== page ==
Kevin MURRAY, Petitioner, v. Charles GREINER, Superintendent, Respondent.
Julio Cesar Arce, Petitioner, v. Brian Fischer, Superintendent, Respondent.
Petitioners Julio Arce and Kevin Murray, both prisoners in the New York State correctional system by reason of felony convictions, sought leave to file petitions for writ of habeas corpus pursuant to 28 U.S.C. § 2254 challenging their state court convictions. Both petitioners previously filed petitions under § 2254 seeking to overturn the same convictions. The previous petitions were dismissed as untimely under the one-year statute of limitations imposed by § 2244(d)(1). Following the reasoning of our opinion in Villanueva v. United States, 346 F.3d 55 (2d Cir.2003), we hold that dismissal of a § 2254 petition for tardiness under § 2244(d)(1) renders future challenges to the same conviction under § 2254 “second or successive” and subject to the requirements of § 2244(b)(1) through (4).
Petitioner Arce was convicted in the New York State courts in 1994 of murder in the second degree and was sentenced to a term of imprisonment of twenty-five years to life. In September of 2001, nearly four years after the New York Court of Appeals denied him leave to appeal his conviction, he filed a petition in the United States District Court for the Southern District of New York under § 2254 seeking to overturn the conviction. See Arce v. Fischer, No. 01-cv-8230 (S.D.N.Y.2002); People v. Arce, 242 A.D.2d 508, 662 N.Y.S.2d 495 (1997), leave to appeal denied, 91 N.Y.2d 868, 668 N.Y.S.2d 566, 691 N.E.2d 638 (1997). The district court (Michael B. Mukasey, C.J.) dismissed the petition as untimely. The district court and this court then denied Arce's request for a certificate of appealability (“COA”). While this court was considering Arce's application for a COA, Arce filed in this court the present application for leave to file another petition, which sets forth the same claims as raised in Arce's earlier petition.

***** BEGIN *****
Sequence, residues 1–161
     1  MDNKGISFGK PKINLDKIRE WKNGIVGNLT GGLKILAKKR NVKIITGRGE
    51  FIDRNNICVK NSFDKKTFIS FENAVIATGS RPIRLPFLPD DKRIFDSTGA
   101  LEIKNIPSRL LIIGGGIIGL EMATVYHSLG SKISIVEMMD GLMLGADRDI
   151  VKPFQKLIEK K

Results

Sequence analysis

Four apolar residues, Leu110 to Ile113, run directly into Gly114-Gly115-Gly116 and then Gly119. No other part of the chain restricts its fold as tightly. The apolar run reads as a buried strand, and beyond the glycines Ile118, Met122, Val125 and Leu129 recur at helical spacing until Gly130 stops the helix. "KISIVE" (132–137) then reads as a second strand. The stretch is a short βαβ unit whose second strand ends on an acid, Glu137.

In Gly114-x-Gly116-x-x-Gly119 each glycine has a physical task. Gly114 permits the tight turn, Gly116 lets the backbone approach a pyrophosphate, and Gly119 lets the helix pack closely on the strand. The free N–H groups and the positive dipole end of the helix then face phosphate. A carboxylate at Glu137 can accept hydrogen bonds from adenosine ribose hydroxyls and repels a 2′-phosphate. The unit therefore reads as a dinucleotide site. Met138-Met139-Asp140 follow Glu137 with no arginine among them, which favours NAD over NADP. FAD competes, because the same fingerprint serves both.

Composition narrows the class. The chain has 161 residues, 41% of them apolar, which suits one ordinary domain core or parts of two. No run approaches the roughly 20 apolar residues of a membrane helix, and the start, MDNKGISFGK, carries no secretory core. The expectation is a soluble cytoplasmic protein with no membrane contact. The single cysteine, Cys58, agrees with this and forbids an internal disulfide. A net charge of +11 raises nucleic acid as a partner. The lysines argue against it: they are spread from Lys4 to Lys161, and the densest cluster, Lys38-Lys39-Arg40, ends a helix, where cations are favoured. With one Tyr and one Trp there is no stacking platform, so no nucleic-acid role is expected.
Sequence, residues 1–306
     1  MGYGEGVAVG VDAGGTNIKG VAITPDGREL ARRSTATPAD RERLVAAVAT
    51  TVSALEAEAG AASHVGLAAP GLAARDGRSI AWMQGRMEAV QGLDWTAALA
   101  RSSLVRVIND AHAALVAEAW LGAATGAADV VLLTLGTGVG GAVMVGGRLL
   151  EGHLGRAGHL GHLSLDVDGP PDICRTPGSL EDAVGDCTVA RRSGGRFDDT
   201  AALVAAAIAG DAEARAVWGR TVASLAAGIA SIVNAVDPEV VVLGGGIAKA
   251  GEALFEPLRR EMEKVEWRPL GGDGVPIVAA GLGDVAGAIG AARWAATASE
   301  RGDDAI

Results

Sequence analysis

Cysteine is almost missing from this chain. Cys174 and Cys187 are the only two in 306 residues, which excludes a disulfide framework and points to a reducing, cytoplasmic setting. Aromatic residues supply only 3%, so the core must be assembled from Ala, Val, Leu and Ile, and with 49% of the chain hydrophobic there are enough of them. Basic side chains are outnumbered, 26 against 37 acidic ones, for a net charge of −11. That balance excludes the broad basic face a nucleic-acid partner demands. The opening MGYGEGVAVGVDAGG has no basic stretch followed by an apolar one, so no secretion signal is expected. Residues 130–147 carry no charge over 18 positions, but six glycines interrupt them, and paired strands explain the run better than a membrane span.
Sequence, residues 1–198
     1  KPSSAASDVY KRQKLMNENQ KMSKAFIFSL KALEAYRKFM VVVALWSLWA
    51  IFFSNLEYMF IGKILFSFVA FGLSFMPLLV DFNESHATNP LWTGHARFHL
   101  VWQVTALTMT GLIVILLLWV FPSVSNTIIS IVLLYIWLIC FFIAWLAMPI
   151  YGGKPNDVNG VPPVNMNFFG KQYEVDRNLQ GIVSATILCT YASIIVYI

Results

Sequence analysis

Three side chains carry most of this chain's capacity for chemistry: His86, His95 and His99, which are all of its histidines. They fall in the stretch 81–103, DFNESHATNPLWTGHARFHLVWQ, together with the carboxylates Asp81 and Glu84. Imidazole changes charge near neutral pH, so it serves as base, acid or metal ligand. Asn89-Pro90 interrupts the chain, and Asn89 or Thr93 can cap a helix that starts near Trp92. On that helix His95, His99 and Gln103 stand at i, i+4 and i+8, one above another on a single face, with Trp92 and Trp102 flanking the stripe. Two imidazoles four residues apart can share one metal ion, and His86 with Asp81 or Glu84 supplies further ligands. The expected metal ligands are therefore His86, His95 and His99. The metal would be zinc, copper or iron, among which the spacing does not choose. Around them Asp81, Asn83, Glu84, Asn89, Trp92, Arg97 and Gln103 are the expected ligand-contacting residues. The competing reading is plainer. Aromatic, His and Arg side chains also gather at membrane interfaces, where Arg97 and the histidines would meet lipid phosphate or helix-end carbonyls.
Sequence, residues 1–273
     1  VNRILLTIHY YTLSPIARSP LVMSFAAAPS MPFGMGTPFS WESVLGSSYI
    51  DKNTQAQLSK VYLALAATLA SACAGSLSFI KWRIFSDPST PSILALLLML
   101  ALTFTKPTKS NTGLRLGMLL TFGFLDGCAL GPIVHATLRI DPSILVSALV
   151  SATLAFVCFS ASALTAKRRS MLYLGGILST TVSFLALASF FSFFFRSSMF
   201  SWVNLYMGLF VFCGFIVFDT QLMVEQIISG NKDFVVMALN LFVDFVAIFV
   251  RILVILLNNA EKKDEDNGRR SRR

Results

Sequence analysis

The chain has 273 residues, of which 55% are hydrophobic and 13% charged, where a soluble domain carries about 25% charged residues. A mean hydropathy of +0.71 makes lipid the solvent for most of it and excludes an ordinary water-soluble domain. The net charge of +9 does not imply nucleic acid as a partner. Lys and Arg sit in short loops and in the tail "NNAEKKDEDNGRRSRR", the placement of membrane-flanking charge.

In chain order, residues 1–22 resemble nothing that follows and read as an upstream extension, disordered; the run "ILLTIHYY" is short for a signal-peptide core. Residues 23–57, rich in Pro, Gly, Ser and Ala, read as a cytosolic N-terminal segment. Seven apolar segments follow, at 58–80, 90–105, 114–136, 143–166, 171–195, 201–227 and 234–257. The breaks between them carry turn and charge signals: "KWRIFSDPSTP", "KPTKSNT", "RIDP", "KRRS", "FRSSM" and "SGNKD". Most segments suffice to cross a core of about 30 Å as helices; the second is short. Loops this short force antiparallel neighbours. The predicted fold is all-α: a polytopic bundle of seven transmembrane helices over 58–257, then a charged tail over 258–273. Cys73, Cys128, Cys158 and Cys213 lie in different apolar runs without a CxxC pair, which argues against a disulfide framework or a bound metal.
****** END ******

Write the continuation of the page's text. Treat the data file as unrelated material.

Petitioner Murray was convicted in the New York State courts in 1992 of second degree murder and sentenced to a term of imprisonment of twenty-five years to life. The New York Supreme Court, Appellate Division, affirmed his conviction, see People v. Murray, 208 A.D.2d 655, 618 N.Y.S.2d 230 (1994), and leave to appeal to the New York Court of Appeals was denied on December 9, 1994, People v. Murray, 84 N.Y.2d 1014, 622 N.Y.S.2d 925, 647 N.E.2d 131 (1994). Murray moved in the New York Supreme Court to vacate the judgment of conviction on December 17, 1995. The Supreme Court denied his motion on March 12, 1996. By papers dated January 6, 1998, Murray filed a petition for writ of habeas corpus under § 2254 in the United States District Court for the Eastern District of New York seeking to overturn the New York conviction. In December 1998, the district court (Frederic Block, J.) dismissed defendant's petition as untimely. Murray v. Artuz, No. 98-cv-820 (E.D.N.Y.1998). The district court, and subsequently this court, then denied Murray's applications for a COA. Murray then submitted to this court this application for leave to file another petition, which asserts the same claims as asserted in his previous petition.
Under 28 U.S.C. § 2244(b)(3), a state prisoner seeking to file a “second or successive” petition under § 2254 must obtain leave to do so from the United States Court of Appeals. Section 2244(b)(2) requires that claims set forth in such second or successive petitions be dismissed unless the applicant shows that the claim relies on either a new rule of constitutional law, made retroactive to cases on collateral review by the Supreme Court, or newly discovered facts that could not have been discovered though due diligence and the proof of which would establish that, but for constitutional error, no reasonable factfinder would have found the defendant guilty. 28 U.S.C. § 2244(b)(2). Section 2244(b)(1) requires that a “claim presented in a second or successive habeas corpus application under section 2254 that was presented in a prior application ․ be dismissed.” 28 U.S.C. § 2244(b)(1). The statute does not define what constitutes a “second or successive” petition.